That’s the missing aspect of stewardship of our God-given talents in so many churches – pastors getting burnt out and quitting, power struggles fragmenting groups of believers, churches splitting. It’s much better to structure our faith lives in such a way that what we produce is born of God, is shepherded and taken care by God from the get-go, it doesn’t drain our strength and keep us awake at night. It may take years to develop that level of God-character, but the payoff is worth it. You want to be strong, joyful, and ready to go 5, 10, and 20 years down the road. Think Brian Tome, Bill Hybels, and Andy Stanley.

My goal is to have a sustainable, deeply personal, tangibly reciprocal relationship with God. I strive to build relationships with like-minded people, so that we can encourage each other in our pursuits.

I am no longer excited being part of organizations where all you do is look at the head of the person next to you for an hour or more, and listen to the same person week after week tell everyone what they have presumably received from God. There’s maybe nothing wrong with that per se, it just doesn’t do it for me anymore. Being a small circle on someone’s orgchart no longer holds any appeal to me whatsoever.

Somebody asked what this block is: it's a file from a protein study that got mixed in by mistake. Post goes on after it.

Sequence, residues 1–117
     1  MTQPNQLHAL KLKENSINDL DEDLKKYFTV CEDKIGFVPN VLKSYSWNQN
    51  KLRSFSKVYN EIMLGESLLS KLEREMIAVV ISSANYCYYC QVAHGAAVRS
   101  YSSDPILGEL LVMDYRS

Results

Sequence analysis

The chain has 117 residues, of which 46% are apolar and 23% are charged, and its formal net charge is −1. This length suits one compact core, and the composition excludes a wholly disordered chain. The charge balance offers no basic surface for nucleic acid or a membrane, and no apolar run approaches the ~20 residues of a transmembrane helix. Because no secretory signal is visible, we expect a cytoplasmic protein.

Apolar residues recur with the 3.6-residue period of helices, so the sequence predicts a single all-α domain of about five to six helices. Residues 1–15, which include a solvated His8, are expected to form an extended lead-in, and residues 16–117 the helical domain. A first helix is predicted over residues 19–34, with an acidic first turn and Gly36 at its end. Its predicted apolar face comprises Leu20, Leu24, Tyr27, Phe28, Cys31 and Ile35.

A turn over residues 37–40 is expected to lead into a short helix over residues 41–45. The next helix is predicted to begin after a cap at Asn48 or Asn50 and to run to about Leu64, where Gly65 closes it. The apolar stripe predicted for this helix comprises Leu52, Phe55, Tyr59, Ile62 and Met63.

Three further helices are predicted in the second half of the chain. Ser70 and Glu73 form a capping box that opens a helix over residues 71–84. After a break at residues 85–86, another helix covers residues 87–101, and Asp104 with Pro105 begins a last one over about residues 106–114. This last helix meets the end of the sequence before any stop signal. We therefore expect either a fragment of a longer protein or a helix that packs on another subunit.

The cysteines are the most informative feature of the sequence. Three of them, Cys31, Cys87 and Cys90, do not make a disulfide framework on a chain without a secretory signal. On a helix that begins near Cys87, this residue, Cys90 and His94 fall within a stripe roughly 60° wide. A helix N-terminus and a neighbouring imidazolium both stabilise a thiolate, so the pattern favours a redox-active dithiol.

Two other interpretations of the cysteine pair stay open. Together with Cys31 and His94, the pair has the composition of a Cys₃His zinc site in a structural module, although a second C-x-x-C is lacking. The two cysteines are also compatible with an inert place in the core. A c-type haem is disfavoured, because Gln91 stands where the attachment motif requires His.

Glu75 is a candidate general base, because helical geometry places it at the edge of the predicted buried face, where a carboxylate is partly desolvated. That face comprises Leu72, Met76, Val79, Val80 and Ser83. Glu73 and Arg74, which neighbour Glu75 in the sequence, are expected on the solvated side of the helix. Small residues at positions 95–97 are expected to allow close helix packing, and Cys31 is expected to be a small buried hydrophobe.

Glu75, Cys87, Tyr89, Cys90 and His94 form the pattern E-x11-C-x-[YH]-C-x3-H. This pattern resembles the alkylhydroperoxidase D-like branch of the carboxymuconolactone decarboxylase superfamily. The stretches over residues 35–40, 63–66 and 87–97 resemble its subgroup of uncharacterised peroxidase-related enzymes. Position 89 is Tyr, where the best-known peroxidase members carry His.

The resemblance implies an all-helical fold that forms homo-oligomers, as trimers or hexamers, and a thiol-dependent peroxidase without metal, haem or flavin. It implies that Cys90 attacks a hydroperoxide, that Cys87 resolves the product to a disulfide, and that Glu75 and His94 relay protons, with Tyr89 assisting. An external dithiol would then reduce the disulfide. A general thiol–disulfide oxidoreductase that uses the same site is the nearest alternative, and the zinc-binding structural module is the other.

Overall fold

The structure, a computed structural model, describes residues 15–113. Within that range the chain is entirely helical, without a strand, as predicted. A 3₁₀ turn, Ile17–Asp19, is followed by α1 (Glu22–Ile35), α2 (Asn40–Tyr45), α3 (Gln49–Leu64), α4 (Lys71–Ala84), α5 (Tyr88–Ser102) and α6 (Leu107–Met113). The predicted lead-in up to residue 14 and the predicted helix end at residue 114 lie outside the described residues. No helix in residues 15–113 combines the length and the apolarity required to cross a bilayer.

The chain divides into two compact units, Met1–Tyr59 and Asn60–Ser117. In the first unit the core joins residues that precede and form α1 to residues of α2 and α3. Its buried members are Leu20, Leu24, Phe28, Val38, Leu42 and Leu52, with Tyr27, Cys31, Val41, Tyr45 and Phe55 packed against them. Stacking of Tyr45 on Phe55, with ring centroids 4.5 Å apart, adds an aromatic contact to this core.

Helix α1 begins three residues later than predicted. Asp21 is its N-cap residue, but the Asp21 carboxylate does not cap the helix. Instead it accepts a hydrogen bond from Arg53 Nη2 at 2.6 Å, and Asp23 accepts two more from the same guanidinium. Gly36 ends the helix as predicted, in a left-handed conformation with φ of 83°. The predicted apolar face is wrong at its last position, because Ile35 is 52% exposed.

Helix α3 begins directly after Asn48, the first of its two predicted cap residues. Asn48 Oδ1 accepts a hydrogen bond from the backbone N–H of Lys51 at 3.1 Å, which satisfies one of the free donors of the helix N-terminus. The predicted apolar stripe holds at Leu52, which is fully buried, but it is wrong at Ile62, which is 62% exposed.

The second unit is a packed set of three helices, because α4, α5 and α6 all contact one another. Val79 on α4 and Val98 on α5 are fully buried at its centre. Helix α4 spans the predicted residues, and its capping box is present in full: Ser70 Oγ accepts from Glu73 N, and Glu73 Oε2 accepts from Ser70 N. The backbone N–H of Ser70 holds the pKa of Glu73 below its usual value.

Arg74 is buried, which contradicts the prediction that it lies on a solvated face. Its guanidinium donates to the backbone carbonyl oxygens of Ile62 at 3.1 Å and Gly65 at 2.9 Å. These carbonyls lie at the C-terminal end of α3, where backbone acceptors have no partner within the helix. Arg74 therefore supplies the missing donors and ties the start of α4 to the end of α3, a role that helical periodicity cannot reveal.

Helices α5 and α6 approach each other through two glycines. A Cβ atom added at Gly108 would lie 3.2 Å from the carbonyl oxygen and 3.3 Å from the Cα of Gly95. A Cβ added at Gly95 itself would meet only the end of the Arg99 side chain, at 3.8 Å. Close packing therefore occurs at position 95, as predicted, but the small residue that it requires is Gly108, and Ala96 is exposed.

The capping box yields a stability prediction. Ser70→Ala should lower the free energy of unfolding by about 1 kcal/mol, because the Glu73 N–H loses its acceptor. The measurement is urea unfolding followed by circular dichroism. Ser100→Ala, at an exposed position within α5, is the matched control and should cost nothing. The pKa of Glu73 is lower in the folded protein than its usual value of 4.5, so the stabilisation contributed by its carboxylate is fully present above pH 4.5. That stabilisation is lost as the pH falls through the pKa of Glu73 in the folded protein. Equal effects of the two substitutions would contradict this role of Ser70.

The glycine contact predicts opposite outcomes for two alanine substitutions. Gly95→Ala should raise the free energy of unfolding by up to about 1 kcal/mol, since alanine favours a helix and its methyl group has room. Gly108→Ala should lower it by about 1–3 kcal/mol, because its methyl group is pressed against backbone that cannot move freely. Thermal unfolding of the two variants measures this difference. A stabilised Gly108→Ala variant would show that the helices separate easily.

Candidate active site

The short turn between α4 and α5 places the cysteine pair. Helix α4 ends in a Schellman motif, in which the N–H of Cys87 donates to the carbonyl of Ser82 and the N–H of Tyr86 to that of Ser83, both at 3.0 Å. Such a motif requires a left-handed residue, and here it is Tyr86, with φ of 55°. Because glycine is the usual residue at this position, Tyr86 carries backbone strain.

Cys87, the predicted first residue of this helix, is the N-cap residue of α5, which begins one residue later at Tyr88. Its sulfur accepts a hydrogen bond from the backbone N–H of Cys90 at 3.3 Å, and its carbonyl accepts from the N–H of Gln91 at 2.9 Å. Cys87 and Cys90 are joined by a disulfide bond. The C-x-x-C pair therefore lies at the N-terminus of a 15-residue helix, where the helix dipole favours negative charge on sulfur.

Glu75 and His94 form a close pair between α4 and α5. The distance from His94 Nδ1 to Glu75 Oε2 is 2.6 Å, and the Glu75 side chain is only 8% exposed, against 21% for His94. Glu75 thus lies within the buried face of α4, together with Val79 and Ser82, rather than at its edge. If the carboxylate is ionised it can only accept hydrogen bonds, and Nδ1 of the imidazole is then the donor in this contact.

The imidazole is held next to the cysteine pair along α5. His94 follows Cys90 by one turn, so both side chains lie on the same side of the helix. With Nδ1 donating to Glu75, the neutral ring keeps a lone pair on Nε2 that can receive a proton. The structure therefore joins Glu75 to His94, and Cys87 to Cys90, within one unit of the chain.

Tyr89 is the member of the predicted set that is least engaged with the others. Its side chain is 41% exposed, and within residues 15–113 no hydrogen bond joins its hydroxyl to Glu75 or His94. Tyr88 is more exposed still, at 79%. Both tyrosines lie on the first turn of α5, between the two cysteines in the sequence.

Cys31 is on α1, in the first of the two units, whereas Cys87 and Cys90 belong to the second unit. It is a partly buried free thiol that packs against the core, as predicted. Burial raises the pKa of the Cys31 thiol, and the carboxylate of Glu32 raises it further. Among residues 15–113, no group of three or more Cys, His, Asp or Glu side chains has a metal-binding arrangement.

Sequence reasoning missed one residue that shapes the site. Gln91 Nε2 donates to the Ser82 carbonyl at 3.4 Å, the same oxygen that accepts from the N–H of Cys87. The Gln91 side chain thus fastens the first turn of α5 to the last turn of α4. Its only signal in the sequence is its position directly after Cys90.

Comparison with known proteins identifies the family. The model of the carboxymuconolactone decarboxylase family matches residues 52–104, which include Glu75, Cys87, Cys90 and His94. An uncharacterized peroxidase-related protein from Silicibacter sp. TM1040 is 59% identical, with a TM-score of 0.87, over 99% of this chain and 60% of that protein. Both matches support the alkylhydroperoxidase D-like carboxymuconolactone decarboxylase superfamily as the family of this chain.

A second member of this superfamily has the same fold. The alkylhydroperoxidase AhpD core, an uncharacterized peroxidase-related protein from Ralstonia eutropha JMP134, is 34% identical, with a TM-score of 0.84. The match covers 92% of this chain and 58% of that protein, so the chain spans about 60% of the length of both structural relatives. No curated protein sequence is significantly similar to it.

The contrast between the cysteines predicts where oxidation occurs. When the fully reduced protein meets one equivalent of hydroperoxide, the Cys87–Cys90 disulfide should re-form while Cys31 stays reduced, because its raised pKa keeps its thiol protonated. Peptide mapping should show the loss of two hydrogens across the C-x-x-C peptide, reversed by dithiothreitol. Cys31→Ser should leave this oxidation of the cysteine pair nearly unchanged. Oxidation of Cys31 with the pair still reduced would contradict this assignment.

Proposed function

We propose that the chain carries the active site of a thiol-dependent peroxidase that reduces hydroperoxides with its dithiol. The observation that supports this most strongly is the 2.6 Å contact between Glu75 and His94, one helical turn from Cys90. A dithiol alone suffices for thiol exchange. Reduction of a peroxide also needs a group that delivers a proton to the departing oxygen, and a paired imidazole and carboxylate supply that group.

That’s why I value being part of a family much more than I value being part of an organization. Usually with churches the two go hand-in-hand, but one of the two aspects usually prevails quite clearly. If you have to submit your relationship with God under someone’s purview, and if you lose your right of voice on an equal footing with everyone else, then this organizational membership can do more harm than good.

I believe in free sons and daughters of God coming alongside each other and fulfilling their calling, as they are called and led, without anyone pushing, prodding, goading, shaming, guilting, or a combination thereof. I don’t need anyone to make up my mind for me. That’s the role I am reserving for Jesus Christ.

Anyway, that’s how I view things at this point of my walk with God. Your walk with God, and your view may be different. But this is my story, and I’m sticking with it.


Comments on: "Being versus Doing. Good versus God." (4)

  1. I love this post! Thanks for your insight. Always great stuff from you!

    ~ Collin

    Liked by 1 person

  2. Benjamin said:

    My understanding is that Jesus warned against institutionalized religion in Matthew 13:31-32:

    “Another parable He put forth to them, saying: ‘The kingdom of heaven is like a mustard seed, which a man took and sowed in his field, which indeed is the least of all the seeds; but when it is grown it is greater than the herbs and becomes a tree, so that the birds of the air come and nest in its branches”

    In the prior verses, birds were seen to devour seeds of faith (Matthew 13:4) and traditionally in Judaism (in context of the audience he was preaching to) birds are seen as emissaries of wickedness.

    So in fact Jesus was allegorizing things that choke the faith (birds) that nest in the church as it grows larger than all the herbs (faiths) and becomes a tree (institutionalized).

    The way around that is to go back to the good soil and seek nourishment from his Word directly!

    That’s how I interpret it but would welcome your views too.